Despite prayers, protests and a courtroom challenge, the Venice Film Festival presented Martin Scorsese's "The Last Temptation of Christ" for the first time in Italy on Wednesday under tight security.
An anticipated demonstration by Roman Catholics, evangelical Christians and other Christians failed to materialize at the Cinema Palace, which was surrounded by at least 100 police on foot or on horseback.
Three hours before the showing, about 70 people led by four priests affiliated with excommunicated Archbishop Marcel Lefebvre protested in St. Mark's Square in central Venice. They walked behind a tall wooden cross, knelt, prayed and sang. Several carried placards reading "Scorsese's film is blasphemous" and "No one should make fun of God."
The film was labeled "an unacceptable moral offense" on Wednesday by the Italian Episcopal Conference, the country's association of Roman Catholic bishops.
About 400 followers of Lefebvre also marched against the film in Paris on Wednesday.
The fundamentalists, led by a priest carrying a cross, sang hymns and prayed as they walked through the French capital's Latin Quarter, where Paris' most important traditional church--St. Nicholas of Chardonnet--is located.
Cardinal Albert Decourtray, archbishop of Lyon, and Cardinal Jean-Marie Lustiger, archbishop of Paris, said on Tuesday that they opposed the film's distribution because it was "a wound to the spiritual liberty of millions of men and women."
Last month, Milan attorney Pedro Bianco filed a complaint asking a judge to block screening of the film at the festival on the ground it violated Italy's laws against blasphemy.
Venice prosecutors saw the film a week ago and recommended that the judge dismiss the complaint. He instead postponed a decision.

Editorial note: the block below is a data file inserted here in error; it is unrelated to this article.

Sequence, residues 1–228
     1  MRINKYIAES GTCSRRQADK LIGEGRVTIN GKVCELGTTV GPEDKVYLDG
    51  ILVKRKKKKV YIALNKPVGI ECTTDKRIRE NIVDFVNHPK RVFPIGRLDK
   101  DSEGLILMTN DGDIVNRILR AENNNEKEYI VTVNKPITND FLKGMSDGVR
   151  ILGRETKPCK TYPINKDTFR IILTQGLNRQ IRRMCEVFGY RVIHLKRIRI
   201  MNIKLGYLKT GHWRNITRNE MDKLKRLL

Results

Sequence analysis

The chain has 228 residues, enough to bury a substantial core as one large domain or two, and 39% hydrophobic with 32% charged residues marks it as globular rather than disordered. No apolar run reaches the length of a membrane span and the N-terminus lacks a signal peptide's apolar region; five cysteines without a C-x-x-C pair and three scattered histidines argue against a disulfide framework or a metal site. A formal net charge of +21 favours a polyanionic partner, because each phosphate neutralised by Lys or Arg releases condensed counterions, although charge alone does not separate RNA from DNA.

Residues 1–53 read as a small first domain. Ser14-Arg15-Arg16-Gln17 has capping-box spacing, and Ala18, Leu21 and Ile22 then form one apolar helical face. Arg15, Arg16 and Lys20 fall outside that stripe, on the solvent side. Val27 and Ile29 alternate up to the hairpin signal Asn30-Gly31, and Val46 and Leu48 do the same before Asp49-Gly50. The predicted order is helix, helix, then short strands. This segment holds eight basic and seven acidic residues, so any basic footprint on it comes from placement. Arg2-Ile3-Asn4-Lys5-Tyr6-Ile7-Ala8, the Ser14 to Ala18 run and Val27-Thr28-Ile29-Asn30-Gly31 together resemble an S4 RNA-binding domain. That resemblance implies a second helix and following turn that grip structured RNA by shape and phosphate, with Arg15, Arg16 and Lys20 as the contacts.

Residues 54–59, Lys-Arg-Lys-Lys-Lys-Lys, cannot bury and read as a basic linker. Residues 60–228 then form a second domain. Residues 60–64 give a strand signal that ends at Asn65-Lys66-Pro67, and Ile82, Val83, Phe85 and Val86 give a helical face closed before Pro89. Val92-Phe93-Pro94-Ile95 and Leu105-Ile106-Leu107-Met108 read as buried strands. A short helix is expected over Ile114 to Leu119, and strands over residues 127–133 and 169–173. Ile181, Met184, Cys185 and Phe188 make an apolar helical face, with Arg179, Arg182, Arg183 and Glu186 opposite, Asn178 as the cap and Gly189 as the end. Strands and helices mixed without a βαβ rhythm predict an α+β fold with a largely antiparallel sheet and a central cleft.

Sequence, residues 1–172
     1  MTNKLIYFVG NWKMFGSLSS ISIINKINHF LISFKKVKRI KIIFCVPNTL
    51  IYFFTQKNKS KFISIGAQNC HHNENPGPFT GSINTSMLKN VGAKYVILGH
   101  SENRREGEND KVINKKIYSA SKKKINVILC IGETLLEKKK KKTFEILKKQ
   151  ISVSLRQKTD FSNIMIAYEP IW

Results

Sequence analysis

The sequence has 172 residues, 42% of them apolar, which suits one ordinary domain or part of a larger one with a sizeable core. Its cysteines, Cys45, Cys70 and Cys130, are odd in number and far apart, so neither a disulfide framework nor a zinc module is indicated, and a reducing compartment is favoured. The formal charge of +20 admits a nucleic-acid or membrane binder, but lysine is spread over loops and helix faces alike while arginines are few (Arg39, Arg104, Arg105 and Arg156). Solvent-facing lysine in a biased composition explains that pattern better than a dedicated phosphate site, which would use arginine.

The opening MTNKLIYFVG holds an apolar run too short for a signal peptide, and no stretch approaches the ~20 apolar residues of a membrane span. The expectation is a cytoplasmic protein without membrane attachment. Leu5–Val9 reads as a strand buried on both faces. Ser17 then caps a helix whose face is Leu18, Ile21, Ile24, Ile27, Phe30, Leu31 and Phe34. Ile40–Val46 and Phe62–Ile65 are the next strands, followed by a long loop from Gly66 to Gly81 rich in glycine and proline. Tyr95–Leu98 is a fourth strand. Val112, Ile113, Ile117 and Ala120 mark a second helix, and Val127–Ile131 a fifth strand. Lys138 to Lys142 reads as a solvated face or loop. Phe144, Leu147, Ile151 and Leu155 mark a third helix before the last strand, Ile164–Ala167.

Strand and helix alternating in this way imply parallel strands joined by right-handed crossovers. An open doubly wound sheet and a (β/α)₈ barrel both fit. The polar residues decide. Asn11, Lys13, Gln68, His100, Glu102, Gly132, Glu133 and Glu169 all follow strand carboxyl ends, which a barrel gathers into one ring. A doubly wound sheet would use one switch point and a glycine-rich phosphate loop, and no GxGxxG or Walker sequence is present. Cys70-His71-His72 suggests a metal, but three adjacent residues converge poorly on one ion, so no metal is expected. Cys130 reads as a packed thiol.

Film critics in Italy and England have given the film bad notices. Most critics found little aesthetic merit.
"It seems sincere and honest in its involvement with God's Son's journey toward martyrdom, but the direction, screenplay and characterization are full of banalities," the Corriere della Sera newspaper said.
Italy's top circulation newspaper La Republica said the only reason for seeing the film was the controversy.
"It will do you no harm, whether you are a believer or a cinema-goer. Simply, it is a crude film full of violence, without subtlety or refinement, which will not last," the paper said.
David Robinson of the Times of London added: "The irony is . . . that 'The Last Temptation of Christ'--a serious, thoughtful, reverential and somewhat overlong religious inquest--is the kind of film which, without the furor of protest, would attract very limited audiences."
But a Church of England clergyman, the Rev. Dr. William Oddie, reviewing the movie in the Daily Telegraph, said it was "bad beyond belief" and "both theologically offensive and artistically incompetent."
Scorsese defended his film during a sometimes stormy news conference at the Venice festival earlier Wednesday, saying it was a work of fiction and that he did not intend to change anyone's beliefs.
"The film for me is an act of faith," said the American director, who struggled at times to be heard above the din of reporters.
When reporters were told they could ask questions, some gave short impassioned speeches instead about the film. Many journalists loudly jeered colleagues who suggested the film was profane.
Scorsese said if Christ did not have a human side, it would have been easy to overcome temptation and die on the cross. But being a man gave him an understanding of human problems, weaknesses and suffering, the director said.